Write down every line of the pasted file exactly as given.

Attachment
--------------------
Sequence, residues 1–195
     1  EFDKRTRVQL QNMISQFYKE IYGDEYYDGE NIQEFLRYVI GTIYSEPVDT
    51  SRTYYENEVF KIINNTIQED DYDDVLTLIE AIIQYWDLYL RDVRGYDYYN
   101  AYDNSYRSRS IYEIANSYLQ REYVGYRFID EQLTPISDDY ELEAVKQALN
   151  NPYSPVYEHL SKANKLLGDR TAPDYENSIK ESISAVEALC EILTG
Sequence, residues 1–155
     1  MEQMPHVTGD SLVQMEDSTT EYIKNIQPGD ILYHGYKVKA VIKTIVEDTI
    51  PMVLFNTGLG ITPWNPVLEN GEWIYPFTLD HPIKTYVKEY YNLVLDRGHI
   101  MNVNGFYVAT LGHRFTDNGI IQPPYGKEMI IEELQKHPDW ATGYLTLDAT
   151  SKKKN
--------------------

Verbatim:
Sequence, residues 1–195
     1  EFDKRTRVQL QNMISQFYKE IYGDEYYDGE NIQEFLRYVI GTIYSEPVDT
    51  SRTYYENEVF KIINNTIQED DYDDVLTLIE AIIQYWDLYL RDVRGYDYYN
   101  AYDNSYRSRS IYEIANSYLQ REYVGYRFID EQLTPISDDY ELEAVKQALN
   151  NPYSPVYEHL SKANKLLGDR TAPDYENSIK ESISAVEALC EILTG
Sequence, residues 1–155
     1  MEQMPHVTGD SLVQMEDSTT EYIKNIQPGD ILYHGYKVKA VIKTIVEDTI
    51  PMVLFNTGLG ITPWNPVLEN GEWIYPFTLD HPIKTYVKEY YNLVLDRGHI
   101  MNVNGFYVAT LGHRFTDNGI IQPPYGKEMI IEELQKHPDW ATGYLTLDAT
   151  SKKKN